Re: Annealing, How to Article/Video by Ken Light
The numbers that are listed in that article are a wee bit shy of what is commonly listed under the physical properties of 'cartridge brass' (70% copper, 30% zinc), available multiple places on the 'Net (various metal suppliers, engineering references, etc.) I'd be curious where he pulled his numbers from.
The Hornady kit works reasonably well - although you could probably duplicate it with a deep-well socket and extension chucked in a hand drill. It' not automated, but it's simple enough to drop a case in the socket, stick it in the flame while spinning (and watching the time), remove it from the flame, tip the case into the 'done' bin, and pick up a new case and drop it in the socket.
The bottle of Tempilaq is considerably lower rated (475°) than the stuff most people use w/ their annealing setups; if you read the directions it's intended to be applied 1/4 below the shoulder, the theory being by the time that point reaches ~475 and melts the paint, the neck will be pretty close to 'done' ;)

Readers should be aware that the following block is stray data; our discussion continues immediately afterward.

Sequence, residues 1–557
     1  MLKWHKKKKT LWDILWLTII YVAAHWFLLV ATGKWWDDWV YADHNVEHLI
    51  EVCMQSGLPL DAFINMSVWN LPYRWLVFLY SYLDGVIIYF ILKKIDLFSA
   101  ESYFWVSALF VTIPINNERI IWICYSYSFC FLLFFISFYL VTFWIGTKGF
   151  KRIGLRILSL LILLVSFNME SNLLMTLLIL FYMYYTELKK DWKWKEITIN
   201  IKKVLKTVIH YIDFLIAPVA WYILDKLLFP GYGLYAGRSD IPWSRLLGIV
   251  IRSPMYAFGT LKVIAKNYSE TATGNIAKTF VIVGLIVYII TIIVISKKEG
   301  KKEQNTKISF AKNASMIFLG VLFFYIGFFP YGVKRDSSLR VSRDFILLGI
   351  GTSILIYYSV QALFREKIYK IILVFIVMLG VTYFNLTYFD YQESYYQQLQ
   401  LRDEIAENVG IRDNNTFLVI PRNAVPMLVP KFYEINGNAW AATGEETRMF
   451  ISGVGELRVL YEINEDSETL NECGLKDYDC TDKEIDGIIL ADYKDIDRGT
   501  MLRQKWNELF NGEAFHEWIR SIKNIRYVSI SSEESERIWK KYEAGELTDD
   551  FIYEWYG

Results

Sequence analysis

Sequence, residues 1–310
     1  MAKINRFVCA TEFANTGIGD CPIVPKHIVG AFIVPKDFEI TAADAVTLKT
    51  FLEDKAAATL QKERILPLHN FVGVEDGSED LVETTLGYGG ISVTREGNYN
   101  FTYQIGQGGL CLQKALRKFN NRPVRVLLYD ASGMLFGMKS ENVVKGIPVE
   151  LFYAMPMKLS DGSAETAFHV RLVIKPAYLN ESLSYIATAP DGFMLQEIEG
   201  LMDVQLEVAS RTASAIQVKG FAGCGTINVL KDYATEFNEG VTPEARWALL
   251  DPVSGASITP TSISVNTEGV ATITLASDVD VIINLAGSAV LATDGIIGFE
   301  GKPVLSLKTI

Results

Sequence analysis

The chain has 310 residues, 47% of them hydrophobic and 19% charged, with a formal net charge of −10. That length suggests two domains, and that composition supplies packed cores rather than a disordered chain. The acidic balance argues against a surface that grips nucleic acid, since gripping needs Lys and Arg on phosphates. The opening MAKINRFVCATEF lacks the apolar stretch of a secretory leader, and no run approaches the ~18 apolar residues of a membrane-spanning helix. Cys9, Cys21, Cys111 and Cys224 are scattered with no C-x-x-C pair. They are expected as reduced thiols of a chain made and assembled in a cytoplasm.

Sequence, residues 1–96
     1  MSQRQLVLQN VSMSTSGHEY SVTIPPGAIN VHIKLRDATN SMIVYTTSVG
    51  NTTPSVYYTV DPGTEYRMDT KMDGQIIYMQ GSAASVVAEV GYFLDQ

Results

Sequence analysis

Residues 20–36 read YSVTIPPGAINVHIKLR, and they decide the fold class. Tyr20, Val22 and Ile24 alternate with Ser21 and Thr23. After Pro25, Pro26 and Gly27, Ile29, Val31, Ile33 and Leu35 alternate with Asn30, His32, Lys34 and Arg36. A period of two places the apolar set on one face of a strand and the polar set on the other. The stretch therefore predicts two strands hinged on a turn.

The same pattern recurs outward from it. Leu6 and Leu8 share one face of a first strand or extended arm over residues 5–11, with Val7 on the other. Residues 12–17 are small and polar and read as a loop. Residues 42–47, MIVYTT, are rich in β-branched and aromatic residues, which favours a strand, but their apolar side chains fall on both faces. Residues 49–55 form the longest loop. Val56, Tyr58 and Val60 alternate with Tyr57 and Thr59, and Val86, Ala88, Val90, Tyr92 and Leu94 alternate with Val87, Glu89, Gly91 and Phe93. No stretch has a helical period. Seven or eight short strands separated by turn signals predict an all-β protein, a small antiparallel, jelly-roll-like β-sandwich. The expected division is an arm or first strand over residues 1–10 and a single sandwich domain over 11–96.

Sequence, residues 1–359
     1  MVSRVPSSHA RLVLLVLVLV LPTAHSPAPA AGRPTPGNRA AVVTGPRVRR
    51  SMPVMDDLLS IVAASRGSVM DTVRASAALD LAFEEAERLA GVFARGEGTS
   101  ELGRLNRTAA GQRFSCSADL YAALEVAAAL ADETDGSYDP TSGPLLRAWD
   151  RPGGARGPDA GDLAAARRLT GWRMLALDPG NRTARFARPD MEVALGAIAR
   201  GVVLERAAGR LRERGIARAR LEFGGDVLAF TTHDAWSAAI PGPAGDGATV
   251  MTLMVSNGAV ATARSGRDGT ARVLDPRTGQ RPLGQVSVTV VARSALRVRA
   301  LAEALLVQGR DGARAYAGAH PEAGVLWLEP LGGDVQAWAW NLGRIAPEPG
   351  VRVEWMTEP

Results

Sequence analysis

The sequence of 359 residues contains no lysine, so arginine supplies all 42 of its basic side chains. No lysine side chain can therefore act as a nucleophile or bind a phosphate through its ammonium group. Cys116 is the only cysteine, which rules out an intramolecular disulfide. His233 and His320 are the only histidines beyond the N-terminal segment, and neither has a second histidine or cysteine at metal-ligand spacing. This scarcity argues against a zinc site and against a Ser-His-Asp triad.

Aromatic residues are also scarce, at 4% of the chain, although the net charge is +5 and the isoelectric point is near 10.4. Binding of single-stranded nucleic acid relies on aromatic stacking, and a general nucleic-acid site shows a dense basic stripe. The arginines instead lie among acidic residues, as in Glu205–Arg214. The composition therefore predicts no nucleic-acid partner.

One of the tricks from the Brassomatic annealing machine (alternative to the Ken Light machine mentioned above) manual is to get a few different temp ranges of Tempilaq and paint them on a test case... and get a visual feel for how far down the case the heat really travels before it dissipates. With a Winchester (thin) .308 Win case, it drops below 500 about 1/2-5/8" down from the shoulder... well above the poin where I'd even remotely worry about the case web or head.
Last edited by milanuk; 03-14-2009 at 12:48 AM..